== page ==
But again, that moment only triggered one small aspect of the story. My time spent living in Asia, my desire to tell a story about women, filled out the rest.
Specifically: The 1920’s was as much Shanghai as it was Paris. Prior to World War II there was a universe in Asia that brought together all of Europe, all of the United States — Russian and Jewish immigrants — that was completely destroyed in the 1940’s.
As someone who lived in China, who still has family artifacts from that era, I have deep connections to that period of time. I wanted to imagine a world where that still exists, the Asia of the past, both real and imagined: a cosmopolitan otherworld.
And in this world I wanted to tell a story about what it means to be a young woman with power — a woman who exists on the margins of society, who is just beginning to realize that she has power.
Nrama: Tell us about your protagonist for this series, Maika.
Liu: Maika is a young woman who has lived most of her life as a war refugee, forced to move from place to place, always starting over at the bottom in cities and societies where she’s not often welcome.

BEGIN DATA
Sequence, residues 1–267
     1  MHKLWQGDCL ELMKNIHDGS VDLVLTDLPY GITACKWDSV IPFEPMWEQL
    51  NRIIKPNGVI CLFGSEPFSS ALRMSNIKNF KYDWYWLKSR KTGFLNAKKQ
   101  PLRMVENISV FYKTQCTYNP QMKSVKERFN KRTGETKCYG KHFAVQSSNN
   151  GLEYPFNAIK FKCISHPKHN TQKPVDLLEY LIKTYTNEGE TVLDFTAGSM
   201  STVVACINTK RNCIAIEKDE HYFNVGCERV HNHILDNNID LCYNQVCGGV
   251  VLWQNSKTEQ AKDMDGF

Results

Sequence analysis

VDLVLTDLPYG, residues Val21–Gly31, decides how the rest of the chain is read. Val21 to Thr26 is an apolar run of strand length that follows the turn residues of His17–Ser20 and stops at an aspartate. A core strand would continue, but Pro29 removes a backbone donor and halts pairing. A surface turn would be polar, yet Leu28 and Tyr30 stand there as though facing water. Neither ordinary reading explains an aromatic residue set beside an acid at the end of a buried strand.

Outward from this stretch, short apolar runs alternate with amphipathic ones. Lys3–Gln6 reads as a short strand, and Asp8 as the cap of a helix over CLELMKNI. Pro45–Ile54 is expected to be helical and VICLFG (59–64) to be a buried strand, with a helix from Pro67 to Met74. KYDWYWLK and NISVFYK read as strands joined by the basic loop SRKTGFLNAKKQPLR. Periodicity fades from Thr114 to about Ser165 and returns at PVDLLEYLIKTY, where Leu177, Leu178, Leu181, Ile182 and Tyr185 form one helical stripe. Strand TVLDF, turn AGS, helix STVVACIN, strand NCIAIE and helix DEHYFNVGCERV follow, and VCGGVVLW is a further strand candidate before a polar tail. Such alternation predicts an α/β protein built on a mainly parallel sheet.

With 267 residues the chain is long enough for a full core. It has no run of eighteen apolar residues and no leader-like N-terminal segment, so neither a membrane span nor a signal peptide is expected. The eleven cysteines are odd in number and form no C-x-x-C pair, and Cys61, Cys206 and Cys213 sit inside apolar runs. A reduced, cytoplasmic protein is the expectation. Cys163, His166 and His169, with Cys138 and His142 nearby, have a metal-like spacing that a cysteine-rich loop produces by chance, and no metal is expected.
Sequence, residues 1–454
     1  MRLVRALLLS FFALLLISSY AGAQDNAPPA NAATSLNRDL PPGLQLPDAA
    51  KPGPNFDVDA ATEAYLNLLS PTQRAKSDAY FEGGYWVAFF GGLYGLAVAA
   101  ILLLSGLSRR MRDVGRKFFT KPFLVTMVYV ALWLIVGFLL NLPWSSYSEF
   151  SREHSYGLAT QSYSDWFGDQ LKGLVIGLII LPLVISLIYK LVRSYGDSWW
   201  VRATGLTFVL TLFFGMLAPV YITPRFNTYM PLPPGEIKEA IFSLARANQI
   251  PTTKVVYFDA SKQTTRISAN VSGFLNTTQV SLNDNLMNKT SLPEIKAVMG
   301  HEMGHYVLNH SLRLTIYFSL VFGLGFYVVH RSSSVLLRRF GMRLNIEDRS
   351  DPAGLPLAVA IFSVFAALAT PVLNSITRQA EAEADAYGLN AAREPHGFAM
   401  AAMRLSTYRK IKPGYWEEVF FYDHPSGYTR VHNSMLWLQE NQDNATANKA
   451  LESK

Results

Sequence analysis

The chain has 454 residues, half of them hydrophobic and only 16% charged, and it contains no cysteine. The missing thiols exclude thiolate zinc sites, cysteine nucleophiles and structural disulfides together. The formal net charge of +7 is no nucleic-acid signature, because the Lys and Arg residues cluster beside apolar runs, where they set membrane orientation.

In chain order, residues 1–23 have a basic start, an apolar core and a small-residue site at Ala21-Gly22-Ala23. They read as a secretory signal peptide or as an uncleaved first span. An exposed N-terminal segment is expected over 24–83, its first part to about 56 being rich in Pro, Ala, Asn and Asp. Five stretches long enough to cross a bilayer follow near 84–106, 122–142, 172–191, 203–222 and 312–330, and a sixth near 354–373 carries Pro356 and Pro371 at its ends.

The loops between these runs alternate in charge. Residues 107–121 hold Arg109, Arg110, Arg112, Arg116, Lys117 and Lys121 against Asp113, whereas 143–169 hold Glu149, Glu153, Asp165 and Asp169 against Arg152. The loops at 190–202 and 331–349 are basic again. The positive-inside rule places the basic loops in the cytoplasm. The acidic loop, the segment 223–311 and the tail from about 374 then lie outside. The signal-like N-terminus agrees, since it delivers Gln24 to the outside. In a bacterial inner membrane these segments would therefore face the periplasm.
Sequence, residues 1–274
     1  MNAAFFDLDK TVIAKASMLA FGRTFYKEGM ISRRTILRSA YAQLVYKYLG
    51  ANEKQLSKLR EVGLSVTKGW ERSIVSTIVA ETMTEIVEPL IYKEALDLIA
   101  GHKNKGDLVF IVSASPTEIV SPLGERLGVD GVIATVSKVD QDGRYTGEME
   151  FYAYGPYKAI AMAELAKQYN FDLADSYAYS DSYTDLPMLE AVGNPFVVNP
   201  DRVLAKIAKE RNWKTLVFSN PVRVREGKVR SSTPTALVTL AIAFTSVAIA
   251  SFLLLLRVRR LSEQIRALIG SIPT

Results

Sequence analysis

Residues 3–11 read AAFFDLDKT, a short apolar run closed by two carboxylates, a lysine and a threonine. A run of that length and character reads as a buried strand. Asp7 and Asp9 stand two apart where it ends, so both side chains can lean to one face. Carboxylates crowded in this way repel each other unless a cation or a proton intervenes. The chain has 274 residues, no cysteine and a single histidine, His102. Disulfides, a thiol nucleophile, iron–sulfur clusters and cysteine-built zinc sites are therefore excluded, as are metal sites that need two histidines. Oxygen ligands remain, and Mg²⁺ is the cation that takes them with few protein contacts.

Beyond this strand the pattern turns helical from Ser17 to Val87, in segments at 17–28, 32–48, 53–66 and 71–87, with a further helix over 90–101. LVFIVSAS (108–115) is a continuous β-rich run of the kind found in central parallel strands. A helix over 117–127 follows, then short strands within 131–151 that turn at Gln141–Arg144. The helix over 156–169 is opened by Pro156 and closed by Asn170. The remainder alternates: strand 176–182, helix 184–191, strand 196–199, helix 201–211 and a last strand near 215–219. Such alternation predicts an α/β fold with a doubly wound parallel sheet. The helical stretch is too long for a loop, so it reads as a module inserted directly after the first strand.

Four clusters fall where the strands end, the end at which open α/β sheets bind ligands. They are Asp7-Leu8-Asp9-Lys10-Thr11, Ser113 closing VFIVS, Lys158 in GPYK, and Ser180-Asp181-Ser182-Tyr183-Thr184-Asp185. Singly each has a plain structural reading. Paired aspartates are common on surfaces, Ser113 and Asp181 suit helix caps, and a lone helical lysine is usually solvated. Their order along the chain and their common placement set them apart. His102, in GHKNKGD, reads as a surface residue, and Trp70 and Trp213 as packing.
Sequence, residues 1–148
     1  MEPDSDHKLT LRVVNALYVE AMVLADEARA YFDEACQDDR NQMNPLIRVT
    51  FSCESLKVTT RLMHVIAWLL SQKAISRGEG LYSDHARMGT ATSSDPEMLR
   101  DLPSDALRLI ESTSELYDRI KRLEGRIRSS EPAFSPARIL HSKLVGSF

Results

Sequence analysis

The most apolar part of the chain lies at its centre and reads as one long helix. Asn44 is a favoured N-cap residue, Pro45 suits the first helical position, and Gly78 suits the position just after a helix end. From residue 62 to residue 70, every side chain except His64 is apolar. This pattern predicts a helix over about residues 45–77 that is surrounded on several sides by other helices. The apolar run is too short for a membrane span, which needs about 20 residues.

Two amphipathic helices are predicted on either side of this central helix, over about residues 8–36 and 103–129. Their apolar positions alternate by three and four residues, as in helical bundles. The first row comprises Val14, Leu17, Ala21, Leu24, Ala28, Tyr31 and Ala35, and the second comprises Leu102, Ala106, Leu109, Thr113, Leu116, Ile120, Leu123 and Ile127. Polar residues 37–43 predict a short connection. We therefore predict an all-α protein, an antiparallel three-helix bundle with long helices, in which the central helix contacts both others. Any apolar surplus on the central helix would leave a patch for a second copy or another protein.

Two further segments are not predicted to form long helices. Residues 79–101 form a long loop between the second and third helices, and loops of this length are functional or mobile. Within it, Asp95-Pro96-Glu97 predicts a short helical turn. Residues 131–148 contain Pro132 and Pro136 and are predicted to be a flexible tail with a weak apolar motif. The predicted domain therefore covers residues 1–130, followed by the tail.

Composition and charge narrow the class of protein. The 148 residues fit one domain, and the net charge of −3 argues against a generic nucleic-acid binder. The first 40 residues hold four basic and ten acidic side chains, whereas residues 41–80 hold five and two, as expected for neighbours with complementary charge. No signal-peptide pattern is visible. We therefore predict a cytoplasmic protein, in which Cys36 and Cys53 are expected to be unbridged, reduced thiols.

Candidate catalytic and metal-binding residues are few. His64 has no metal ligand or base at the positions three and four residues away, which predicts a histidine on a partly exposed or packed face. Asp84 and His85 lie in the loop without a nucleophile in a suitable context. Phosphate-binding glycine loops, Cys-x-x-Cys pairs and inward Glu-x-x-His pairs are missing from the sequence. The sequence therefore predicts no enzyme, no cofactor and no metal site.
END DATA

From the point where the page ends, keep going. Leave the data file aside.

It’s a life that has created a deep resilience in her, and compassion for those who exist on the margins.
Nrama: And you have this alternate reality, one where the monsters are part of everyday life. Without getting too much into spoilers, how has this world developed differently, and how much have you developed this history?
Liu: In some ways these creatures are forces of nature — like an earthquake, a typhoon, a blizzard. We can’t control them, but sometimes we can prepare for them, predict when they’ll happen. Humans have learned to adapt, and part of that adaptation requires a very select amnesia —in the same way we forget about natural disasters in our day to day lives.
Yes, these monsters exist — yes, there are things you learn to do in case they show up — but if it occupied your every living moment, you’d lose your mind.